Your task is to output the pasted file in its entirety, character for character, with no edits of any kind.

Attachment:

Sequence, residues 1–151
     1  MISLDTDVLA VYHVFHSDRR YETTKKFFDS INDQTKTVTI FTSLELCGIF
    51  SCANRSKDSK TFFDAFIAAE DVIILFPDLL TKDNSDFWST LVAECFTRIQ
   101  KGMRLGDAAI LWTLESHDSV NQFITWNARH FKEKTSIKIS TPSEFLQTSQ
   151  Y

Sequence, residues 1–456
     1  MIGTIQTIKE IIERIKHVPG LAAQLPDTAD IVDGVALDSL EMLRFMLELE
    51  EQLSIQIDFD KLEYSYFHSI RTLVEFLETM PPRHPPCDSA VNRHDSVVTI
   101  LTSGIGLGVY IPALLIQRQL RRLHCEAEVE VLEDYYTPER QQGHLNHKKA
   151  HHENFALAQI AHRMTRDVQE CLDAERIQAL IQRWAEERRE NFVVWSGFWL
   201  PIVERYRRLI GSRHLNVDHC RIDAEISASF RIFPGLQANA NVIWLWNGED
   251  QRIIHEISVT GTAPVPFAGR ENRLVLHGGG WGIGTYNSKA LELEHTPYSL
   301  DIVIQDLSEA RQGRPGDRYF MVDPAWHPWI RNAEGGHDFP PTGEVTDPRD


Sequence, residues 1–151
     1  MISLDTDVLA VYHVFHSDRR YETTKKFFDS INDQTKTVTI FTSLELCGIF
    51  SCANRSKDSK TFFDAFIAAE DVIILFPDLL TKDNSDFWST LVAECFTRIQ
   101  KGMRLGDAAI LWTLESHDSV NQFITWNARH FKEKTSIKIS TPSEFLQTSQ
   151  Y

Sequence, residues 1–456
     1  MIGTIQTIKE IIERIKHVPG LAAQLPDTAD IVDGVALDSL EMLRFMLELE
    51  EQLSIQIDFD KLEYSYFHSI RTLVEFLETM PPRHPPCDSA VNRHDSVVTI
   101  LTSGIGLGVY IPALLIQRQL RRLHCEAEVE VLEDYYTPER QQGHLNHKKA
   151  HHENFALAQI AHRMTRDVQE CLDAERIQAL IQRWAEERRE NFVVWSGFWL
   201  PIVERYRRLI GSRHLNVDHC RIDAEISASF RIFPGLQANA NVIWLWNGED
   251  QRIIHEISVT GTAPVPFAGR ENRLVLHGGG WGIGTYNSKA LELEHTPYSL
   301  DIVIQDLSEA RQGRPGDRYF MVDPAWHPWI RNAEGGHDFP PTGEVTDPRD